Moments from a mini Buster marathon

Ok, so there’s a one-second part of The Electric House that is one of my favorite Buster Keaton visuals of all time. The scene: Buster’s sitting on the kitchen floor, perplexed about his malfunctioning “smart house”, when the robotic dishwasher starts flinging dinnerware across the room. He notices a plate flying overhead and gets up to see what’s going on. As he stands, a plate hits him in the back of the head and shatters, and when he turns around, another hits him square in the face, shattering perfectly, knocking him off his feet. That split second is the bit I love: the way his head takes the impact and his feet lift off the ground—it’s the kind of move that only seems possible in cartoons, but at the same time it’s so wonderfully graceful and real. It’s the very last shot before a hard cut to the next scene (in which he’s inexplicably running in place on a spinning dining room table), but it’s such a perfect example of Buster’s physical comedy and timing.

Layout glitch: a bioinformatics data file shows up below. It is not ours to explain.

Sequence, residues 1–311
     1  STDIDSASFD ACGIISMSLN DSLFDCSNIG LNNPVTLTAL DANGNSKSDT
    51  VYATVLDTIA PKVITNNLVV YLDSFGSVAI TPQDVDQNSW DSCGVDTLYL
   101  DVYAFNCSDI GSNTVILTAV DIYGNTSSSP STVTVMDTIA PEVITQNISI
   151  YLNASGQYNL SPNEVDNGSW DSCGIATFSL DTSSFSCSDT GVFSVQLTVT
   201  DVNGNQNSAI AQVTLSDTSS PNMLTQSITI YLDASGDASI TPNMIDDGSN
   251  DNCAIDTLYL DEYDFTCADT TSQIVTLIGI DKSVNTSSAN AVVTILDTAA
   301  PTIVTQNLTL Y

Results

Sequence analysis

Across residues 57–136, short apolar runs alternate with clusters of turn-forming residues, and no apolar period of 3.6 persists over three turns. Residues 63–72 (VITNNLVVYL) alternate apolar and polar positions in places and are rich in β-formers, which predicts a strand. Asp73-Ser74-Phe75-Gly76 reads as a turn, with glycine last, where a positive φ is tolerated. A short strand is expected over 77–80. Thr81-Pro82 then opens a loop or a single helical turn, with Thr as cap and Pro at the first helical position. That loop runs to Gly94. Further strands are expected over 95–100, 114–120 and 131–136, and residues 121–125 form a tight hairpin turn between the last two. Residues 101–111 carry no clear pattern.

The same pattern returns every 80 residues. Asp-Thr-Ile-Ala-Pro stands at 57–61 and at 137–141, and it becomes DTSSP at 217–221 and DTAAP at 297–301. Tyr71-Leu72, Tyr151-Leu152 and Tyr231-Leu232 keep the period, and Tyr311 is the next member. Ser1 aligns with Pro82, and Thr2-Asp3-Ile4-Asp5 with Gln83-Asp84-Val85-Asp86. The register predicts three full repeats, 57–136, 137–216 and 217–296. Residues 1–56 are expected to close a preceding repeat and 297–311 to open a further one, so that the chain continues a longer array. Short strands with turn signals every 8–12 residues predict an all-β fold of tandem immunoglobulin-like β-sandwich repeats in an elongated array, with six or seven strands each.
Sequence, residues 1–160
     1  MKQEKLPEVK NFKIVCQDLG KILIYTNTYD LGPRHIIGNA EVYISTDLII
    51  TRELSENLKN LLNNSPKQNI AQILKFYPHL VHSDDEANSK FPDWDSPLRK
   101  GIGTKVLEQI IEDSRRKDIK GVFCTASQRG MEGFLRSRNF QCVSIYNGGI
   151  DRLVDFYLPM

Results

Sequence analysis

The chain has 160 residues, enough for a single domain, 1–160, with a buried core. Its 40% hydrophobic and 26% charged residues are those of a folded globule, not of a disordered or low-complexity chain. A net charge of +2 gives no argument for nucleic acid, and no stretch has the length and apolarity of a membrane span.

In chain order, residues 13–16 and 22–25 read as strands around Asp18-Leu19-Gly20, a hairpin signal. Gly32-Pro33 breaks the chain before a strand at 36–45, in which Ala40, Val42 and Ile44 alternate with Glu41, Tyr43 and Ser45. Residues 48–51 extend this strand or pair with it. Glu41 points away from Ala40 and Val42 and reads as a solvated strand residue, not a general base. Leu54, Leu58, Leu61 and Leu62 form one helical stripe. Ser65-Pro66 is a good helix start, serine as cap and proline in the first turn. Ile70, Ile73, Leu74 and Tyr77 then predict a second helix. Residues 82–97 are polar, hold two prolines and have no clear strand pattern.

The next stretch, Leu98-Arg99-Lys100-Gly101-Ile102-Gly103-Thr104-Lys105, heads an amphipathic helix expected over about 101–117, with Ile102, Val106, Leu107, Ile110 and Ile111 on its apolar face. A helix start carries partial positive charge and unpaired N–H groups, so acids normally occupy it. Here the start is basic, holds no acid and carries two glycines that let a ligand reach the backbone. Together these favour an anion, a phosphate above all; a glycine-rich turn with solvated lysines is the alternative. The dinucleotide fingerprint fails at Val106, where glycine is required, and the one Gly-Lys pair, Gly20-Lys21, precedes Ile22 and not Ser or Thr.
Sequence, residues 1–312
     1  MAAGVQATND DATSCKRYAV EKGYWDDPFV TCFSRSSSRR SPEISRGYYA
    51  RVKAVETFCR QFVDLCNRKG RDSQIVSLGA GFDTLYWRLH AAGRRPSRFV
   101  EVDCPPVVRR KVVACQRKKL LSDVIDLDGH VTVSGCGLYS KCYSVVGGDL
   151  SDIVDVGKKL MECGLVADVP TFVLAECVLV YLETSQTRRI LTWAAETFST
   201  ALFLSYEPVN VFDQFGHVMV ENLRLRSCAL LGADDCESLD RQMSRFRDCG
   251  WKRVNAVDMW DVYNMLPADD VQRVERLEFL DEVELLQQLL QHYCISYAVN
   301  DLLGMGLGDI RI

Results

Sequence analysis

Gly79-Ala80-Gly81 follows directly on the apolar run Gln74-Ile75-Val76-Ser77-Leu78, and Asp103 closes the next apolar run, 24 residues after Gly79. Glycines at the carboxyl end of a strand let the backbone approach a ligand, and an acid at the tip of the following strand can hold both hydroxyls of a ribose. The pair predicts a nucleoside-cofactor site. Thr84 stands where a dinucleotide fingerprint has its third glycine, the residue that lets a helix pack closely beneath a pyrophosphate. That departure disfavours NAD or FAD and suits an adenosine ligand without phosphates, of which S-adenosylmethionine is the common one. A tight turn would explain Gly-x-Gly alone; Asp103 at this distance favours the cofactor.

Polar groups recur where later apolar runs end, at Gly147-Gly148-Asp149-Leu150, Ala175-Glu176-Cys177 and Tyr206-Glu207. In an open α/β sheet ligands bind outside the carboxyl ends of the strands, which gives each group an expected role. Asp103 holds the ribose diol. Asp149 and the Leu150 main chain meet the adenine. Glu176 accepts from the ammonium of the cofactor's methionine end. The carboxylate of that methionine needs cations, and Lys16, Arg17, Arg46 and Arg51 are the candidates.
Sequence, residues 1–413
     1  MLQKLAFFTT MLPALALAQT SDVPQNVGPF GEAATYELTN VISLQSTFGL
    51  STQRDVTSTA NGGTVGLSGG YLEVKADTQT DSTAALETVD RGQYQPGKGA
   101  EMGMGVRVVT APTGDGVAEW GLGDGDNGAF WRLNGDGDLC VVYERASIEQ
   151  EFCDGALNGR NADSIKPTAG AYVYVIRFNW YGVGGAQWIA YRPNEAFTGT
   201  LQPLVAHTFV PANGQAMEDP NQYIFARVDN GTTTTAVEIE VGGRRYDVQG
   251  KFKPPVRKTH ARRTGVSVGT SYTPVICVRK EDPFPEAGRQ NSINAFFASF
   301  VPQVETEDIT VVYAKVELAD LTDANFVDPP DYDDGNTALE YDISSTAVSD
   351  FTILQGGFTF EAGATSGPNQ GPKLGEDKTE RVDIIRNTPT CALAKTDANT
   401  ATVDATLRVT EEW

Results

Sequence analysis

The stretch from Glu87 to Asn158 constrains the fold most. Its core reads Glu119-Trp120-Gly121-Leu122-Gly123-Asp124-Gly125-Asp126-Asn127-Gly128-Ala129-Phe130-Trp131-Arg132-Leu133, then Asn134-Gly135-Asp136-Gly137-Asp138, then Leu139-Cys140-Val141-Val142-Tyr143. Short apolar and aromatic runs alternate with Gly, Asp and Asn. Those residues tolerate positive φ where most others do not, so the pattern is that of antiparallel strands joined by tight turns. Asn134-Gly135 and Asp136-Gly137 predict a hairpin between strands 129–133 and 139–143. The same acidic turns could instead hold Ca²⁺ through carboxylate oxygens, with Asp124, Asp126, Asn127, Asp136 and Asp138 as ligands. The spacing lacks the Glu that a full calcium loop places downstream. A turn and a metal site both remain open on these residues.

The scene, extracted from the full movie on YouTube:

We got to see that ^ moment and about a hundred other exquisite Buster pratfalls at the Castro Theater yesterday as part of the San Francisco Silent Film Festival. They were showing three Buster shorts: The High Sign, The Electric House, and The Goat (the theme was “Buster’s Mechanized Mayhem”). I relish seeing silent movies in the theater with live music, but I especially love watching slapstick, which gives you permission to laugh out loud with 500 other people in a dark theater, the silliness of the gags compounding on top of each other, getting funnier and funnier.

A couple other favorite moments: